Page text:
Maintaining Your Plastic Window Shutters
Although plastic window shutters need less maintenance than wooden ones, they are made from a variety of different polymers and the requirements may be different for each.
Plastic window shutters are an excellent alternative to wooden ones if their chief purpose is decorative. They are easy to install and low-maintenance. Nevertheless, even plastic shutters will need occasional attention to keep them looking in tip-top condition. The good news is that whether it’s a quick wash or a repaint, the job is easy enough to do yourself.
Removing Decorative Window Shutters
Regardless of what needs doing to your shutters, you will need to take them off the house first. It is dangerous to paint or clean them whilst they are still in place, and you will be able to do a far better – and quicker – job if you remove them.
Fortunately, decorative shutters are generally fastened in place with just four screws or shutter spikes, one in each corner. All you have to do is unscrew them and lift them down. They should be light enough to manage this with one person.
Washing your Shutters
Start by washing your shutters with warm, soapy water and a sponge. Do not use any abrasive cleaning fluids, solvents or detergents – these can damage the plastic. If you need to, use a stiff brush to dislodge any dirt trapped in the corners. Allow them to dry before you progress to the next step.
UPVC Window Shutters
Some types of plastic window shutter cannot be painted. UPVC and polypropylene shutters are two common examples. The colour is an integral part of the plastic, so they do not need it. Moreover, these shutters expand and contract slightly with the changing temperature – meaning any paint would soon flake off. After some years, you may notice that plastic shutters fade in the sun.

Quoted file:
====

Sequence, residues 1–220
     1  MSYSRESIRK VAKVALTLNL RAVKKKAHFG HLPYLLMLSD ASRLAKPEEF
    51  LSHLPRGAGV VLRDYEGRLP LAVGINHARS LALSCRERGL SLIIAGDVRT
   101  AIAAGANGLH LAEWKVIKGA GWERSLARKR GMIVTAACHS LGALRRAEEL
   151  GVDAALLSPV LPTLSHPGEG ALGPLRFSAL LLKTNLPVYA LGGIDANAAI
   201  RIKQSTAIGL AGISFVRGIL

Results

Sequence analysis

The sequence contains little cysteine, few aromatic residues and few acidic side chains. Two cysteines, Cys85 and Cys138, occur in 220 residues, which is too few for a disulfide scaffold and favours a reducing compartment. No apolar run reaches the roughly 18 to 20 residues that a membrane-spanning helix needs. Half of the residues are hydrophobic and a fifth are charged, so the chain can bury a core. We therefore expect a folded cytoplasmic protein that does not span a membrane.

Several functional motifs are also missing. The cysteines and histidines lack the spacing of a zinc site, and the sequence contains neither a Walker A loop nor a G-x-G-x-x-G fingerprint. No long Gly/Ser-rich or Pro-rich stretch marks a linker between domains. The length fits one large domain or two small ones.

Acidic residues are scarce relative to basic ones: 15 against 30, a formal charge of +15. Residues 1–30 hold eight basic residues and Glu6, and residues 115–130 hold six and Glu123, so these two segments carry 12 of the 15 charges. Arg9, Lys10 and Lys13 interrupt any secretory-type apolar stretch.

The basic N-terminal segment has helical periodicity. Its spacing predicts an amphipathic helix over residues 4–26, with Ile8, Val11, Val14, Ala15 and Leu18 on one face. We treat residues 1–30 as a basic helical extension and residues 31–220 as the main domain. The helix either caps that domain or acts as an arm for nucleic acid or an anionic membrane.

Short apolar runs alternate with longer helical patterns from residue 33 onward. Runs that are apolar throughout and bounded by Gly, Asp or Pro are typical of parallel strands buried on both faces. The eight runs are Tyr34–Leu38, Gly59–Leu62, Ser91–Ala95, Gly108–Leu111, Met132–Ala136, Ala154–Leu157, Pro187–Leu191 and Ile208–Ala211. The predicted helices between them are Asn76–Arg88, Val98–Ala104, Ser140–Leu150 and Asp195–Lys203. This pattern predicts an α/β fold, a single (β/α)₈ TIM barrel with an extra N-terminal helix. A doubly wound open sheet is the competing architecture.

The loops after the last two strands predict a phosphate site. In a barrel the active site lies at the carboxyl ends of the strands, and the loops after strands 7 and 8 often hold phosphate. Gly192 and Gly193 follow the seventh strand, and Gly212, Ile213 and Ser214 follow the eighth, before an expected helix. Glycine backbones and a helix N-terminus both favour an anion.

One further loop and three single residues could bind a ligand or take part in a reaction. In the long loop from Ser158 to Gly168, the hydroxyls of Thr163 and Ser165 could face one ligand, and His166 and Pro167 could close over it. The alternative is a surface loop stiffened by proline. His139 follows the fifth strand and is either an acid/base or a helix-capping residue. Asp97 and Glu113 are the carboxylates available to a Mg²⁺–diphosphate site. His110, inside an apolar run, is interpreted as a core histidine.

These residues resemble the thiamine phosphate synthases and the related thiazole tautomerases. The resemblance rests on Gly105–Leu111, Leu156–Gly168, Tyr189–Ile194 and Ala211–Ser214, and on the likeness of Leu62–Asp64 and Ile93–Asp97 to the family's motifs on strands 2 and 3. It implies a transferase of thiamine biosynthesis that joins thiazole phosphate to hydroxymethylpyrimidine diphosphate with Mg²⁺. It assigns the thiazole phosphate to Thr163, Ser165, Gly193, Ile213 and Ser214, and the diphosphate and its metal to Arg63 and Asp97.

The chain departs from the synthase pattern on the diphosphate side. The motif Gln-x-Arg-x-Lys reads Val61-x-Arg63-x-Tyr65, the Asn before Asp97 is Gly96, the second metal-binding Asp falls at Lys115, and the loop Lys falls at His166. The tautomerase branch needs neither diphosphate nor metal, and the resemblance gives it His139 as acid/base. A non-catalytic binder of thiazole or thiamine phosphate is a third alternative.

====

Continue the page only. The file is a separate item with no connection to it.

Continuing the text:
There is little you can do about this, since it is due to a chemical change in the top layer of the plastic. A gentle sand down may improve the colour, but if you are dissatisfied with the appearance then you will ultimately have to replace them.
Styrene shutters must be painted, but hold the paint well and so will not need maintaining as often as wooden shutters. More importantly, the paint’s function is mainly decorative rather than protective. Wooden shutters will rot if you don’t look after them; plastic window shutters won’t. For the best results use an oil-based exterior paint suitable for timber – do not use a vinyl-based paint or spray paint.
Allow the paint to dry completely before replacing the shutter. If you are painting them for the first time, start by wiping the shutters down with a weak solution of ammonia or white vinegar, rinsing them and allowing them to dry. Then apply a coat of exterior grade primer. Finally, when the primer is dry (check the maker’s instructions for how long to wait), apply the exterior paint.
Replacing your Shutters
Re-installing your plastic window shutters is extremely simple. All you need to do is screw them back onto the wall using the existing holes. The only problem you might have is the shutters’ weight making it awkward to put in the first screw. This can be overcome by balancing them on a ladder or hanging one corner of the shutter on a nail.